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David Osada v. Experian Information Solutions

March 28, 2012


The opinion of the court was delivered by: Hon. Harry D. Leinenweber



Pending before the Court are Plaintiff's Motion for Class Certification and his Motion to Compel Discovery Responses from Defendant. For the reasons stated herein, both motions are granted in part and denied in part.


This simplified background is based on the parties' pleadings to date, but does not constitute findings of fact. In early 2008, Plaintiff David Osada ("Osada") applied for, but did not close on, a mortgage loan. However, in October 2008, he discovered that two mortgage loans had been taken out in his name on properties that he knew nothing about. Each loan exceeded $300,000.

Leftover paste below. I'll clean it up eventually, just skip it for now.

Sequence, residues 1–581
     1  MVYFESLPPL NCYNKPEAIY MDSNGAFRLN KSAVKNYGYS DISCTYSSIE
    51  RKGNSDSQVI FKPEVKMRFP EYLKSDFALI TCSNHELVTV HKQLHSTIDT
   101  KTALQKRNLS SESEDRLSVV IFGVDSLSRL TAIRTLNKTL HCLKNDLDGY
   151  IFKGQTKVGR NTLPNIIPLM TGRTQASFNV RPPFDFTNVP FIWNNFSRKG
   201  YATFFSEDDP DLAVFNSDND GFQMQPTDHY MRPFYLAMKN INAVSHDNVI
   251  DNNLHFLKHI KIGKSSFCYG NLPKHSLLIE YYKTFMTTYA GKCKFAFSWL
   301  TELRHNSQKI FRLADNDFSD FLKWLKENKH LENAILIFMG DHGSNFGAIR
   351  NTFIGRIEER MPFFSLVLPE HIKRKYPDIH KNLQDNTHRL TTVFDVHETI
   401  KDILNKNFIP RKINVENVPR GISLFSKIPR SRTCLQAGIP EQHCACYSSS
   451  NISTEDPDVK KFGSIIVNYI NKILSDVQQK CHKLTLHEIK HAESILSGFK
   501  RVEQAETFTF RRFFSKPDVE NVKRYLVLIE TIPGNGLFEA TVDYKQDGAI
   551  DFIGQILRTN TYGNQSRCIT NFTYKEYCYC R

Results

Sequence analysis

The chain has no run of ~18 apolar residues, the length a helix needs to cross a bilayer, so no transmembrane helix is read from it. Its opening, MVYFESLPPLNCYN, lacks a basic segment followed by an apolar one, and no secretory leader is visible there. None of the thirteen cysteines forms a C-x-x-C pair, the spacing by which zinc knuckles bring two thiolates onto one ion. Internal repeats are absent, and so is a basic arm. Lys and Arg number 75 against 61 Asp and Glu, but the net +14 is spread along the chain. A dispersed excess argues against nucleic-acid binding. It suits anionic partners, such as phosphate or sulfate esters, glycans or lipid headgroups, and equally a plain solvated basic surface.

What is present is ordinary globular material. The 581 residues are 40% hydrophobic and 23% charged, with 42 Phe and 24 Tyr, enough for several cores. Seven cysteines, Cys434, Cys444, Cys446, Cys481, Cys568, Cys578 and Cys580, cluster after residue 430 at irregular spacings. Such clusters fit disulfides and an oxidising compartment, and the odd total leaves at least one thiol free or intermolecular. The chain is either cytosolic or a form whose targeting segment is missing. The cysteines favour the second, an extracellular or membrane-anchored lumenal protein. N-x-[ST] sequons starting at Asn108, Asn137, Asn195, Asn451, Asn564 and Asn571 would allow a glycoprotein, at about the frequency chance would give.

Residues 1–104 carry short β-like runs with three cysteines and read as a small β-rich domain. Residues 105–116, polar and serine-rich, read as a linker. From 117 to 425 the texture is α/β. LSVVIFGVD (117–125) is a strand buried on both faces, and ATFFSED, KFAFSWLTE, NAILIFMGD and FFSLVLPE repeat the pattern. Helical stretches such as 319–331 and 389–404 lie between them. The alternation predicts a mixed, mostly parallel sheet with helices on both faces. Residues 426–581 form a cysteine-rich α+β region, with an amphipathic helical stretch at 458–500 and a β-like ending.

Plaintiff contacted Defendant Experian Information Solutions ("Experian"), a credit reporting agency, on October 27, 2008 to discuss his credit report. By then, both mortgages were listed as past due, and the report listed the fraudulent addresses as his. The next day, Plaintiff filed a police report with the Niles Police Department, but did not send it to Experian.

One of the mortgages evidently went into foreclosure in November 2008, and the other in July 2009. The courts in both actions apparently recognized, at some point, that the mortgages were the product of identity theft.